A donkey representing the Republican Party and an elephant representing the Democratic Party are head to head on top of the map of Canada.Graphic by Esra Rakab / Production Coordinator

Although we live in Canada, this election will have a huge impact on Canadian students

By: Saad Ahmed, Contributor

In 1969, the late Pierre Trudeau told Richard Nixon, the 37th president of the United States, “Living next to [the United States] is in some ways like sleeping with an elephant. No matter how friendly and even-tempered is the beast, one is affected by every twitch and grunt.” 

Now more than ever, this phrase resonates with Canadians — particularly students. With a high-stakes American presidential election around the corner, Canadian students should be concerned about its implications.

Up and down the ticket there are stark differences in political ideologies, governing styles and personalities. Many issues have clear implications for Canadians, as candidates Donald Trump and Joe Biden offer some strikingly different policy positions.  

With carbon pricing, a progressive Pan-Canadian Framework and billions of dollars invested in green infrastructure, Canada has become a global leader in the fight against climate change. However, because the US produces such a large share of global greenhouse gas emissions, regression in their climate policy could have more of an impact on Canada than Canada’s own climate policies. 

With a high-stakes American presidential election around the corner, Canadian students should be concerned about its implications.

Recently, many Canadians in British Columbia felt the harsh effects of the smoke from the Oregon and Washington wildfires — a reminder of the inextricable climate link between Canada and the United States. Trump pledged to expand oil drilling, increase pipelines and decrease environmental regulations. On the other hand, Biden planned to invest heavily in clean energy, rejoin the Paris Agreement, implement green tariffs on countries that fail to cut emissions and even “transition from the oil industry” — a statement from the last debate that was met with plenty of controversy.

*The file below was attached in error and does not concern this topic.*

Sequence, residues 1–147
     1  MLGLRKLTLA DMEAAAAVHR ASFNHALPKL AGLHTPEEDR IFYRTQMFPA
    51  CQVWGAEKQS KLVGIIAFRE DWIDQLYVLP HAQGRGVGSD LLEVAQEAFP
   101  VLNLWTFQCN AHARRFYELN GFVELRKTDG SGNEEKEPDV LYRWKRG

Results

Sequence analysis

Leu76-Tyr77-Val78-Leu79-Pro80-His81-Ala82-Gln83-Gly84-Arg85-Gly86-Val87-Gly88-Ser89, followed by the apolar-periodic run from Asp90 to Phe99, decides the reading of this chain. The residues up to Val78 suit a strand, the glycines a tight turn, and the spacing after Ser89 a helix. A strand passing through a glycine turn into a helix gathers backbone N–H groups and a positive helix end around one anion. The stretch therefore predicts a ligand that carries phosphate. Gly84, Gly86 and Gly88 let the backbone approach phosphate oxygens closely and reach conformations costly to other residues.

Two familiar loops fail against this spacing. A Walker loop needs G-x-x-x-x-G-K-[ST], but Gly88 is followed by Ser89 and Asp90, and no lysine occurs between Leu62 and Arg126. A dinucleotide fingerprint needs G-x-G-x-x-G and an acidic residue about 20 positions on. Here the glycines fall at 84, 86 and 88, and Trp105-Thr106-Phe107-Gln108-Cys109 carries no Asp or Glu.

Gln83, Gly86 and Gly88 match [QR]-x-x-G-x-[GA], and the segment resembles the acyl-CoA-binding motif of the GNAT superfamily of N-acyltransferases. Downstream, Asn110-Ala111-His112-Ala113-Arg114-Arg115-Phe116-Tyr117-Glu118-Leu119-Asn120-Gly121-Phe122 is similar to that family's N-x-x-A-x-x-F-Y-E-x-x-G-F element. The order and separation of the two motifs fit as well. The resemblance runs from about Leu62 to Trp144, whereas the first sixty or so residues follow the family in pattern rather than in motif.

Besides personal changes to mitigate climate change, civic engagement and policy support by Canadian students are effective in bringing light to climate consequences, even if these policies aren’t Canadian.

In terms of trade, platforms from both candidates are mostly unfavourable to Canadians. Biden promises to increase “Buy American” policies and continue disputes regarding commodities like softwood lumber. However, he has said that he would consider dropping Trump’s steel and aluminum tariffs that Premier Doug Ford notably called a “slap in the face” to Canadians.

Recently, right as Canada was about to unveil plans for retaliation with $3.6 billion in tariffs of its own, Trump walked back the 10 per cent tariff. However, he has indicated that he may “reimpose the tariff” as early as the end of this year. Overall, the Trump plan promises a more aggressive trade policy that includes more tariffs and duties if he wins the upcoming election — a move that is sure to cause continued chaos

With Ontario as a major supplier of steel and automobiles and Quebec as a key supplier of aluminum, Canada is the largest exporter of both commodities to the US. Thus, Canadian output is affected by these tariffs, having an effect on economic activity, jobs and consumer price inflation. For Canadian students, the economic implications of these trade policies will be felt as they enter the job market — and for years to come — making it all the more important to care about this election. 

For Canadian students, the economic implications of these trade policies will be felt as they enter the job market — and for years to come — making it all the more important to care about this election.